• A Consideration of Some Basic Ideas for Quality Assurance in Radiocarbon Dating

      Switsur, Roy (Department of Geosciences, The University of Arizona, 1990-01-01)
      Most radiocarbon ages are readily accepted by researchers in all disciplines. It is recognized, however, that discrepancies appear in the literature. These problems have been highlighted by the International Collaborative Study. The introduction of quality control and assurance techniques used in some laboratories for many years could reduce or eliminate aberrant results. I present here some of the basic considerations of this approach in the processes of conventional radiocarbon dating.
    • High-Precision Intercomparison at IsoTrace

      Beukens, Roelf P. (Department of Geosciences, The University of Arizona, 1990-01-01)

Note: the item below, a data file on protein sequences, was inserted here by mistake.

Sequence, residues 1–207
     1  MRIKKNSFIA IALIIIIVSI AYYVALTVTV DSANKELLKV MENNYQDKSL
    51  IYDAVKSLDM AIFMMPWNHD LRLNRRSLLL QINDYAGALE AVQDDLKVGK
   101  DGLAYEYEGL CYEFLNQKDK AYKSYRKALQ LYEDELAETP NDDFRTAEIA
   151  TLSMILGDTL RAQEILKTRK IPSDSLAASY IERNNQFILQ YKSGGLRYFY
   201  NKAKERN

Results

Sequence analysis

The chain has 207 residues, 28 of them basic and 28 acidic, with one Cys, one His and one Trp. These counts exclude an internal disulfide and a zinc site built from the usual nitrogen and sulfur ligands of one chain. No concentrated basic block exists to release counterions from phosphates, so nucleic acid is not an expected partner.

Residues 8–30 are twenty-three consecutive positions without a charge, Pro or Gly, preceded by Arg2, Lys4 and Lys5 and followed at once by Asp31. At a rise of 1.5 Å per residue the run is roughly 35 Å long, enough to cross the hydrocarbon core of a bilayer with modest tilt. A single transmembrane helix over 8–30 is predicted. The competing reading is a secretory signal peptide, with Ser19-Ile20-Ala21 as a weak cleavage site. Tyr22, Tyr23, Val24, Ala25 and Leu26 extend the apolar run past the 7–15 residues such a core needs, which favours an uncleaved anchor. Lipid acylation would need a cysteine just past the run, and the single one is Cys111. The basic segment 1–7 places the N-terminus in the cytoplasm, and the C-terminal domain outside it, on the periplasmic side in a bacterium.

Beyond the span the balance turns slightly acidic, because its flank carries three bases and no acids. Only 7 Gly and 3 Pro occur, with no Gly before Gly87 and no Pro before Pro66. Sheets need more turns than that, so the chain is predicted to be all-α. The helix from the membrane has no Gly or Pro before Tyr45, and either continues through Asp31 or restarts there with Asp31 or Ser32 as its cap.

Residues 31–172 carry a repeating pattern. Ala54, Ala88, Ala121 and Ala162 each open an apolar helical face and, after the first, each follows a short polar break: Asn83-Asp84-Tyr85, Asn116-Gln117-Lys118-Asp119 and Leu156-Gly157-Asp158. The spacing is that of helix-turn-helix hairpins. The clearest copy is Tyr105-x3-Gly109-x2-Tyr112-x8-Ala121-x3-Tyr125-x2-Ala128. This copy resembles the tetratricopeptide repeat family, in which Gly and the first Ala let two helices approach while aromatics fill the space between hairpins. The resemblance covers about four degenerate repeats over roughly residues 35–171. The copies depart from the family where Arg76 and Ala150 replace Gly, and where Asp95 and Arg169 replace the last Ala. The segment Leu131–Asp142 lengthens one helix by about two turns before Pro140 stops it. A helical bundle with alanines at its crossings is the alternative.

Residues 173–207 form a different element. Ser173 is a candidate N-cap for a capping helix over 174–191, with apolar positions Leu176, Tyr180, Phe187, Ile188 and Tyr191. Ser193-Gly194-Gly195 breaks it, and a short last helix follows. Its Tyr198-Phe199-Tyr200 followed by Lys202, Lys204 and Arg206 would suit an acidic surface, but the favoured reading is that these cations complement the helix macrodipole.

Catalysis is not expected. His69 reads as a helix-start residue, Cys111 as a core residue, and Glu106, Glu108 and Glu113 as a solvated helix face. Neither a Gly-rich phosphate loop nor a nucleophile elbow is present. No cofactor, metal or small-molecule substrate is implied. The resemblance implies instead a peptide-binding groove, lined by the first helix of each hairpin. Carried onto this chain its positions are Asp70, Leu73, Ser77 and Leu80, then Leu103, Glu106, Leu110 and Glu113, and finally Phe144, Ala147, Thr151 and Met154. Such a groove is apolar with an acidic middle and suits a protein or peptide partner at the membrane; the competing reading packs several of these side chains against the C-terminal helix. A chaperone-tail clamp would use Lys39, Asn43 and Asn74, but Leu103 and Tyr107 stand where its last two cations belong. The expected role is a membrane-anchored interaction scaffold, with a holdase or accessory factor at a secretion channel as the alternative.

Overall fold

I conducted a high-precision comparison at the 0.2% to 0.3% level with samples supplied by the radiocarbon laboratory of the Quaternary Research Center at the University of Washington (QRC). Four samples with ages ranging from modern to > 50,000 BP were dated in a blind test. The absence of cosmic-radiation background in AMS dating is a major advantage for dating samples > 35,000 BP. The reliability of AMS dates > 35,000 BP depends entirely on understanding the contamination processes. By comparing results with laboratories capable of sample enrichment, such as QRC, it is possible to identify and estimate the intrinsic 14C in the background samples as well as the contamination introduced by sample preparation.